Me: True. I’ve never learnt holistically from someone like that. I’ve learnt technical details for sure but that’s where I’ll stop.
Sumika: And you’re at your job for about 9 hours of the day and you have to decide whether you want to make all of that time worth your while by being honest at your job and being true to what you’re doing.
Me: EXACTLY. I think you’re doing well with these tips so far.
Sumika: Thank you mam.
Me: No problem. What do we have next? Your next tip, please.

Sumika: Self-discipline, which is my absolute, personal favorite. If I had to keep just one thing for my career and leave everything else, it would be discipline. Because getting things done is where most people get left behind. You can think great, you can come up with fab ideas, but bringing things to closure is what matters at the end of the day. You’ve got to plan things out well, not wait until the last minute to attempt your deliverables, keep the right buffers in place for unplanned shit to happen, and deliver a quality product.

Me: True. But sometimes even with the best discipline, you end up working round the clock?
Sumika: Yes and which is why you absolutely must master the 80/20 principle in parallel. While discipline can be a game-changer, perfectionism isn’t. You have to decide where to draw the line and when things are good enough to be finalised. It takes time to get the hang of it, and honestly, a lot of courage as well to let go of things before being ‘absolutely perfect’. But this is how I feel you manage to get all the important things done while promising quality.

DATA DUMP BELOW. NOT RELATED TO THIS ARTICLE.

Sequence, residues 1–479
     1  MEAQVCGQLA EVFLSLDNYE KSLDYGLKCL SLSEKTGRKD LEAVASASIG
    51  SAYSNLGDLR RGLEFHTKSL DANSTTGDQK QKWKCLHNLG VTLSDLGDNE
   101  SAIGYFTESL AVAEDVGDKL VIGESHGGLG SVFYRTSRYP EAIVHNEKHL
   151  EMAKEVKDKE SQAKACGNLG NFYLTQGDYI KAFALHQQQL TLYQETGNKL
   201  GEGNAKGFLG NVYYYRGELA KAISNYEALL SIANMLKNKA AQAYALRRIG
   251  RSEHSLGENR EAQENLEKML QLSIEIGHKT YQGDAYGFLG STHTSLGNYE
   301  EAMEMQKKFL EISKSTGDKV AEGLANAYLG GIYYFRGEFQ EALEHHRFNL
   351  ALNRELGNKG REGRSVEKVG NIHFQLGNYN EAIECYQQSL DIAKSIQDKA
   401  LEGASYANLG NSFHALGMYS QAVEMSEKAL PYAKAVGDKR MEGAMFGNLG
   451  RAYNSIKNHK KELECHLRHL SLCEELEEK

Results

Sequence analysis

Me: I love that. I think I’m a bit of a perfectionist and I know that it often holds me back from doing all that I want to do because I get sucked into the tiniest of time-consuming details.
Sumika: Totally. Anyone who’s good at their job faces that at one point or the other and you have to teach yourself to manage it.

Me: I feel like it’s time for tip no. 3.
Sumika: Jee. I’ve got work life balance.
Me: Oooh nice. Go ahead.
Sumika: Okay, so work life balance. My tip is to remember that this is something that evolves with time and not to let a temporary imbalance from enjoying your work. Work life balance as a concept is something that I feel is misinterpreted and therefore a lot of people can’t seem to implement it the way they feel they should.

Me: How?

Sumika: As you grow within your level and role, you develop mastery on what’s needed of you, and automatically start investing your time in a more valuable way. Someone young in their career may spend extra hours trying to get up to speed on their job – they may not be required to, but they may end up doing that anyway. When you’re younger with less responsibilities or relationships to take care of (no spouses/aging parents, etc), work life balance is something you can play around with. Which is why I always talk about work life effectiveness.

Me: What does that mean?
Sumika: It means that your formula of work life balance should be your own choice and you should know what that formula is. It should be your choice how many hours you want to put in, how the formula can change at different phases in your life (if at all) and at all times you should be in control of your schedule and you are the one whose calling the shots. Effectively managing your work and life together the way it fits your schedule, versus trying to conform to a leave-at-5-pm-sharp-everyday principle.
Me: Got it. I think when you’re young in your career, you can choose to put in the extra bit, as long as you’re happy and content with your overall well-being. Things change as your life status changes.

Sumika: Yes. By the way, I feel very hungry.
Me: If we’d been having this discussion in person, we could have ordered pizza right about now.
Sumika: Oh god, I don’t want to think about pizza. Now I’m thinking about pizza.
Me: Same here. Let’s just discuss your fourth tip.
Sumika: Acha. It’s ‘Respect your boss’.

Me: Some bosses can be assholes.